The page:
Effects of Prematurity on Development: Outcome Studies
Effects of Prematurity on Development - part 1
By Michelle Bell
Half a century ago prematurely born children were described by medical practitioners as suffering from “restlessness, fatigability and nervousness which resulted in diminished concentration and immature relational behaviour” (Benton, 1940). More recently, a general type of investigation examining this population generally labeled the ‘outcome approach’, contends that a considerable number of premature children score highly on various behavioural checklists, primarily on symptoms denoting hyperactivity, low attention span and poor social functioning (Hack, Breslau, Aram, Weissmen, Klein & Borawski-Clark, 1992; Breslau, Brown, DelDotto, Kumar, Ezhuthachan, Andreski & Hufnagle, 1996).
Dominated by the medical model, the outcome approach takes percentages of premature children who score high on various behavioural checklists and categorises them according to birt hweight. The majority of outcome studies have focussed upon the intellectual functioning of premature children as a possible factor contributing to compromised psychosocial development (Sykes, Hoy, Bill, Mc Clure, Halliday & Reid, 1997). Findings applying Intelligence Quotient measures indicate that 9 premature children score approximately a half, to one standard deviation below their peers (Wolke, 1991).
Although important, measures of intelligence, particularly when they fall within the normal range, offer only a limited understanding into the social and emotional development achieved by premature children. For example, Szatmari, Saigal, Rosenbaum and Campbell (1993) compared extremely low birthweight children (ELBW, ‹1000g) with full-term controls on impairments in adaptive functioning at age eight. Results suggested significantly increased rates of symptoms reflecting Attention Deficit Hyperactivity Disorder (ADHD), which the authors interpreted as being associated with the lower IQ of their premature group. However, premature children with or without small intellectual impairments, were also found to have internalising problems reflecting depression and anxiety along with impairments in social functioning when compared to their full-term counterparts.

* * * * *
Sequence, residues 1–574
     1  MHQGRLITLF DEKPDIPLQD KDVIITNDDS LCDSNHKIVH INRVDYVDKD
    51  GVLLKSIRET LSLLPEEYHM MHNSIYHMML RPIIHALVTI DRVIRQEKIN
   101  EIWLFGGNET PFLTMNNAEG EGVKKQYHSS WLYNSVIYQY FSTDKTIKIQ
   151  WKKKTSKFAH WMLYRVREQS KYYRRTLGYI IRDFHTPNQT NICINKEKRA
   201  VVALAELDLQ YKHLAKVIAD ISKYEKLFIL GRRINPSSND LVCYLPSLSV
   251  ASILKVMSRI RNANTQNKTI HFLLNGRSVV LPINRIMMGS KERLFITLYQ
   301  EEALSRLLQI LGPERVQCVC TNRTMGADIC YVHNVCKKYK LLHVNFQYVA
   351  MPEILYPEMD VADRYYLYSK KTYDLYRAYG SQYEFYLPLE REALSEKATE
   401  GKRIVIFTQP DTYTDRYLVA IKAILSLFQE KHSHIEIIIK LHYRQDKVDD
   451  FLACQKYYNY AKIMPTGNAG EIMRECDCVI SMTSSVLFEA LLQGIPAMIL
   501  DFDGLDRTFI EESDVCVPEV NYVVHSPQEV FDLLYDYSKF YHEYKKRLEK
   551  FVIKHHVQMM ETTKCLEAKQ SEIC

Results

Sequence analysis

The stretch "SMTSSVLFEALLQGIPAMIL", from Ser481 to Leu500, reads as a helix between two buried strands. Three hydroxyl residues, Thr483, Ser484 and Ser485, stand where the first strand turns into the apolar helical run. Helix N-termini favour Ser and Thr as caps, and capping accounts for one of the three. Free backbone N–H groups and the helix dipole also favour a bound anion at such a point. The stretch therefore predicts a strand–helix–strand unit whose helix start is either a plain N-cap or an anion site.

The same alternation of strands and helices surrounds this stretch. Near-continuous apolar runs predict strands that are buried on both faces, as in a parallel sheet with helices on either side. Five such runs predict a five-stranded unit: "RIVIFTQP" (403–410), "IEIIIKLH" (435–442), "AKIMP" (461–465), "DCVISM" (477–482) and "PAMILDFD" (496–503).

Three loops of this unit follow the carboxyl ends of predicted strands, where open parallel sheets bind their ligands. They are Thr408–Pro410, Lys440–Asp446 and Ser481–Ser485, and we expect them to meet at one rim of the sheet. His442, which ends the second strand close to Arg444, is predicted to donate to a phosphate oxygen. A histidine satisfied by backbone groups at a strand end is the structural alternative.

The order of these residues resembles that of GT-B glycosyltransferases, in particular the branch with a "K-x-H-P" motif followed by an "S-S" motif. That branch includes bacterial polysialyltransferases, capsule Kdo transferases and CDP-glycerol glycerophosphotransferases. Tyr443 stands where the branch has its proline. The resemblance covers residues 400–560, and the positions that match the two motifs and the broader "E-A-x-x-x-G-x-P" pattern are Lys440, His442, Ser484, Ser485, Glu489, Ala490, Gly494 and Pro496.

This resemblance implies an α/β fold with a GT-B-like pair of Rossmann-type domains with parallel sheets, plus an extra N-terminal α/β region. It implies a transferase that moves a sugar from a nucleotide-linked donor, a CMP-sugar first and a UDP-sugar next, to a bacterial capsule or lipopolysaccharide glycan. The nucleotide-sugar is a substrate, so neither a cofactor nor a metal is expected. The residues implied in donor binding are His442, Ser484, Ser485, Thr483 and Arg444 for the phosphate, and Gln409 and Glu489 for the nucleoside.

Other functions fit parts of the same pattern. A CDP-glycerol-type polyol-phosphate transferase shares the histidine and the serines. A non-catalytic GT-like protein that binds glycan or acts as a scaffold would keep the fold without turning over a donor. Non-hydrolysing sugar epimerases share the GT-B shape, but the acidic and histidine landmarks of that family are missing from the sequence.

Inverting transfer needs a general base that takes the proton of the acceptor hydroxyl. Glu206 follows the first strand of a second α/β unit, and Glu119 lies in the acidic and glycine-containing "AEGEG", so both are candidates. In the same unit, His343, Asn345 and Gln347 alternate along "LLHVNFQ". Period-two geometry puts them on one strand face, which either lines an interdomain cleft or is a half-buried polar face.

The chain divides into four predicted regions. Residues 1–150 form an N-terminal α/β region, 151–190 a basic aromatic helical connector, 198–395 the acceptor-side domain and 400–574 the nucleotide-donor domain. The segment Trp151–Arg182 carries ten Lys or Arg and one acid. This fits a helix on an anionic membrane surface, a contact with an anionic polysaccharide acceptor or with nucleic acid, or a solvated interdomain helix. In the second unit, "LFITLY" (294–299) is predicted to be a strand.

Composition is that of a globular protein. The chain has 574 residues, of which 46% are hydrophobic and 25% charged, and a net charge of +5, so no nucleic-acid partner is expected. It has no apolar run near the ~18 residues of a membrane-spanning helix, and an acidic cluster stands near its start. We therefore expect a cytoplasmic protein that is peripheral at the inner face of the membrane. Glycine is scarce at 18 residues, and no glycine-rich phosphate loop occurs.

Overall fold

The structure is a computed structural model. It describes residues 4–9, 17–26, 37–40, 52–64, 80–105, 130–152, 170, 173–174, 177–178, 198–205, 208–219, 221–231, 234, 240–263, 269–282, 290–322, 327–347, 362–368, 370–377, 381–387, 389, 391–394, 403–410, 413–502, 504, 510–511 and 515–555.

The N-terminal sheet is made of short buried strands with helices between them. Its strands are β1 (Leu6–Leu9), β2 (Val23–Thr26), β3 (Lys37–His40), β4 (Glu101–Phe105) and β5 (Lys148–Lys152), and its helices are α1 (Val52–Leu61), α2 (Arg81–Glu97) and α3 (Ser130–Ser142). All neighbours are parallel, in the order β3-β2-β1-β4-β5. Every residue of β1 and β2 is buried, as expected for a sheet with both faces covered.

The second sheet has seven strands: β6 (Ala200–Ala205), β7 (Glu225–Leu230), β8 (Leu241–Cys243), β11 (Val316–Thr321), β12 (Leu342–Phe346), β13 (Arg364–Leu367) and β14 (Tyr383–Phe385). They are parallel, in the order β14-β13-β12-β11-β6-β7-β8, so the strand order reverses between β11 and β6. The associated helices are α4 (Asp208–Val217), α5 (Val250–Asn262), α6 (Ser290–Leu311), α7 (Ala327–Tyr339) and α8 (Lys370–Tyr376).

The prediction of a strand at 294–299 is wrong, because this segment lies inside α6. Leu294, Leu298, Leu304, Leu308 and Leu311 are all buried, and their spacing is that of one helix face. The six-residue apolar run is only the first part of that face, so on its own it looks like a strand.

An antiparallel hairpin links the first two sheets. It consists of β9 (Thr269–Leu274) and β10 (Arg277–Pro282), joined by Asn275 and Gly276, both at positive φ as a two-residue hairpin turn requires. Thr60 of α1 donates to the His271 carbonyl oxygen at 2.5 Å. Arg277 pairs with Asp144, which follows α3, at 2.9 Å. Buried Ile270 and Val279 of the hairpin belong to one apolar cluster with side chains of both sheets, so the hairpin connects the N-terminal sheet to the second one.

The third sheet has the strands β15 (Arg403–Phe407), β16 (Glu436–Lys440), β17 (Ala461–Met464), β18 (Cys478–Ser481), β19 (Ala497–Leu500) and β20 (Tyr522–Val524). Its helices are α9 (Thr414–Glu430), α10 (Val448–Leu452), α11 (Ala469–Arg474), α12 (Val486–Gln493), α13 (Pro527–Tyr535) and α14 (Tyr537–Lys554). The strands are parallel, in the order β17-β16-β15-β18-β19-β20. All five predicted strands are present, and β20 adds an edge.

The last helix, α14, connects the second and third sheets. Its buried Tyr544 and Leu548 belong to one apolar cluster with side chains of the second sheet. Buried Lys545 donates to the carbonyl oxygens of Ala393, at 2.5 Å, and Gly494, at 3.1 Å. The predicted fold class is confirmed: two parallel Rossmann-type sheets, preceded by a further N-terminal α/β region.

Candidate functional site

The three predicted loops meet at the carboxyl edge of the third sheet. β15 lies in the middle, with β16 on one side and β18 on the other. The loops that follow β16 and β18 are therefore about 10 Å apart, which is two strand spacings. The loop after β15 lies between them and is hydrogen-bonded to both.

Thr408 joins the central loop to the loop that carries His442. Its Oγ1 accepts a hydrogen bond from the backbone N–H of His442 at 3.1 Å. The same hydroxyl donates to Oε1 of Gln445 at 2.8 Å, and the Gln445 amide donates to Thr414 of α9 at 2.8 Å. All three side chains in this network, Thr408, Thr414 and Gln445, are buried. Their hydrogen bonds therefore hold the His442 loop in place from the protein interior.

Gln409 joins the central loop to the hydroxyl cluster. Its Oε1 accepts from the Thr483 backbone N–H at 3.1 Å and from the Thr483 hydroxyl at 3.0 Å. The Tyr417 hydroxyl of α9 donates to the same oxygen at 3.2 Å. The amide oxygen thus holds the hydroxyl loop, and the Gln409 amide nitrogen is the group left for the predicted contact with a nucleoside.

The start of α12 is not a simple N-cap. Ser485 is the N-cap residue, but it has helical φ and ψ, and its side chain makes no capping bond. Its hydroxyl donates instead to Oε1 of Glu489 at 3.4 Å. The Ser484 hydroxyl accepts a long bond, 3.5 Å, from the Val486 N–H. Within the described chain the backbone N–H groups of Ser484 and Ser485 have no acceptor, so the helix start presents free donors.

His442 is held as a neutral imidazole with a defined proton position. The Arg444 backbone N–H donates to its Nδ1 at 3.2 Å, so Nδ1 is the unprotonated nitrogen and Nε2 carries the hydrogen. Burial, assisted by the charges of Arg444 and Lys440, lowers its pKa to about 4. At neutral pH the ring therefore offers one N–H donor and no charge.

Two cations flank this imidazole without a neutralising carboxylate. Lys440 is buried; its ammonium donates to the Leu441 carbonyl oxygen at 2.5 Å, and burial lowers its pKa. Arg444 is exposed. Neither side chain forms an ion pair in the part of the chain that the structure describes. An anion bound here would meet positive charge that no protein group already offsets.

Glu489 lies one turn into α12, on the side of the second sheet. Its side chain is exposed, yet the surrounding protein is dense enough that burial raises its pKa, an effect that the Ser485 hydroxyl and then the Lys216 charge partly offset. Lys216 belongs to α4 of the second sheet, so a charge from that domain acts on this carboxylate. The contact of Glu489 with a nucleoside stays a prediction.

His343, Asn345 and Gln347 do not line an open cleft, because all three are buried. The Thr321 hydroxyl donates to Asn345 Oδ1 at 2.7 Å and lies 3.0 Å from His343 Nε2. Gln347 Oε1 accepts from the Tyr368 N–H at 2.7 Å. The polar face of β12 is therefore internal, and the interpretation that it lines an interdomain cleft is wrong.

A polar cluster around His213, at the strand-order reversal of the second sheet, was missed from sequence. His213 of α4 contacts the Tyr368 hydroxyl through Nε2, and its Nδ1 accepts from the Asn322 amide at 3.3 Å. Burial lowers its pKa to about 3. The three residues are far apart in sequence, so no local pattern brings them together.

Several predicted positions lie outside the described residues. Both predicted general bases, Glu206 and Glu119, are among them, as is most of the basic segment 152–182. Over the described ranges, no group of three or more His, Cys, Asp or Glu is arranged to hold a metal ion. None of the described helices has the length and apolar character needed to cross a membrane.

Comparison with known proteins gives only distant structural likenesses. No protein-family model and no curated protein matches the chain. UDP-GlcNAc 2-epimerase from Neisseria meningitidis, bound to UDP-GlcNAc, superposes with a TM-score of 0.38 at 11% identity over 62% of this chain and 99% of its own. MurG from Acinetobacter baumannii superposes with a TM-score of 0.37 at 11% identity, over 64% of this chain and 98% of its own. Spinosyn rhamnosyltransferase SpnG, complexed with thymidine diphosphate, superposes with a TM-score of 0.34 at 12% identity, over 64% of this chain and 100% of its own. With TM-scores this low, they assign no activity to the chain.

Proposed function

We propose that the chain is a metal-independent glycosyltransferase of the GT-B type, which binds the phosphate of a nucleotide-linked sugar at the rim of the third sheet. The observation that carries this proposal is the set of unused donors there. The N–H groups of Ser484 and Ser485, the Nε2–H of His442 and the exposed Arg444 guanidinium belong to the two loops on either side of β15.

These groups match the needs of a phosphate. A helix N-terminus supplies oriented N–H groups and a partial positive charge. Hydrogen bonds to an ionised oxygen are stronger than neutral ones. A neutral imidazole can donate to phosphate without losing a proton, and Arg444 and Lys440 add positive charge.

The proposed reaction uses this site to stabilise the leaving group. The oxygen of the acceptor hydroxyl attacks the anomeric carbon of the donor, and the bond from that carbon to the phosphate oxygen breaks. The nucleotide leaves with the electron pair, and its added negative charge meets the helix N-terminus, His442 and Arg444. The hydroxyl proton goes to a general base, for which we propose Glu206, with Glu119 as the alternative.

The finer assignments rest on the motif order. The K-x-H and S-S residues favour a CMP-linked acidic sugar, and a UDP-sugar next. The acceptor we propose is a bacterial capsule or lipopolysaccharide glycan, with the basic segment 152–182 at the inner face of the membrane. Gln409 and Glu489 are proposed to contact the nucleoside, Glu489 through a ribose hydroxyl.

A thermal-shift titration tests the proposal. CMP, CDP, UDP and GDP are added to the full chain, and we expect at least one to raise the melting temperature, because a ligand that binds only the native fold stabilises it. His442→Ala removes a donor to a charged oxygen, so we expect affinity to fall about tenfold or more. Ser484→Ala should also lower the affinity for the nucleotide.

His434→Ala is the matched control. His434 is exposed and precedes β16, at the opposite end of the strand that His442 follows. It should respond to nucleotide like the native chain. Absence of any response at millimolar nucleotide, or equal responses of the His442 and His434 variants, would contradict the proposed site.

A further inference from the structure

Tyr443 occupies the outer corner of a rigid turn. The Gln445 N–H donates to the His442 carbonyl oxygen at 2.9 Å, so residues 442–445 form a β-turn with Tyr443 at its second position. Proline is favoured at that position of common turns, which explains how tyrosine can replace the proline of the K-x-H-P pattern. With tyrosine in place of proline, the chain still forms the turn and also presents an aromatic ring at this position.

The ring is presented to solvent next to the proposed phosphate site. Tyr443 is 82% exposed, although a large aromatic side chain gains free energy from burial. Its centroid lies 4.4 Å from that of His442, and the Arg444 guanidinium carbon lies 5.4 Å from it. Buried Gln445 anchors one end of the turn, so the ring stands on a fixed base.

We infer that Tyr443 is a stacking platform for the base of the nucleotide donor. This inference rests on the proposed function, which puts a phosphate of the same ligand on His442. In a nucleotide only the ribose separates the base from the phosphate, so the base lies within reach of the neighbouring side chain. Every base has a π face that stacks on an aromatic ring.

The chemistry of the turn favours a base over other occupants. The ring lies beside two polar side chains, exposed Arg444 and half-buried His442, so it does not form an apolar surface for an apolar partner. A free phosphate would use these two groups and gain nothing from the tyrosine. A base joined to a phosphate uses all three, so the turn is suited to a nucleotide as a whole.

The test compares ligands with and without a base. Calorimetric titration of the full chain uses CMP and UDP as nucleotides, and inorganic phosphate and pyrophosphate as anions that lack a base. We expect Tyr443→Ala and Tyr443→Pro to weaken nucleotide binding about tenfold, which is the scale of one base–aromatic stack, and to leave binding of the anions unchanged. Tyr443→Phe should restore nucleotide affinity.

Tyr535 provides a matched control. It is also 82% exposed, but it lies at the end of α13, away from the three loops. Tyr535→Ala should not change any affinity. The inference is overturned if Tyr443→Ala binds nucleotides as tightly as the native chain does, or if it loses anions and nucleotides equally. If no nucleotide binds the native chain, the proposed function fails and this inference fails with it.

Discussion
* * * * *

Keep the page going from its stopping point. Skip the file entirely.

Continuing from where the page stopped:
Along a similar vein, Breslau, Brown, DelDotto, Kumar, Ezhuthachan, Andreski and Hufnagle (1996) extended previous findings of premature children aged 6-7 and included those up to 2500g (low birth weight) and also suggested that ADHD applies to this group. Supporting Szatmari et al. (1996) contention, the associa tion between low birth weight children and attentional problems varied by level of IQ. That is, premature children with IQ’s > 100 were no more likely to be diagnosed with ADHD than their full-term counterparts. Again however, the premature group as a whole were significantly more withdrawn and presented with more symptoms of anxiety and depression. Unfortunately, the authors offer no interpretation regarding these findings and assume these difficulties are related to birthweight rather than possible proble ms in psychological functioning. Similar findings were reported by Breslau, Klein and Allen (1988) on very low birth weight children (‹1500 g) aged 9, 10 who were rated as manifesting more emotional distress, and significantly lower social adjustment than controls. However, the associations between the social and emotional difficulties peculiar to the premature group were not related to their intellectual functioning or to birthweight.
Another suggested pathway to compromised development documented in outcome studies is thought to be the generally lower socioeconomic status (SES) of the parents of premature children. Social disadvantage together with biological risk is thought to increase the risk of adverse developmental outcomes. For example, Ross, Lipper, and Auld, (1990) found that premature children in upper SES families had significantly greater social competence and less behavioural problems than premature children in lower SES groups. Although, for each social class category, premature children were rated less optimally on aspects of interpersonal functioning than a normative sample. These findings concur with others such as McCormick, Gortmaker and Sobol (1990) who conclude that the socially disadvantaged, very low birth weight child is at greatest risk for the development of behavioural disorders.
However, agreement with the hypothesis that SES influences the outcome of premature children’s psychosocial functioning has not been unanimous, where some authors support this contention (e.g., Smith, Somner, & Von Tezchener, 1982; Hunt, Cooper Tooley, 1988; McCormick, Gortmaker & Sobol, 1990; Ross, Lipper, & Auld, 1990) and others do not (e.g., Escalona, 1984; Sykes, Hoy, Bill, McClure, Halliday & McC. Reid. 1997; Hack, Flannery, Schluchter, Carter, Borawski, & Klein, 2002). Given the mixed evidence, SES will be treated as a possible confounding variable in the current study.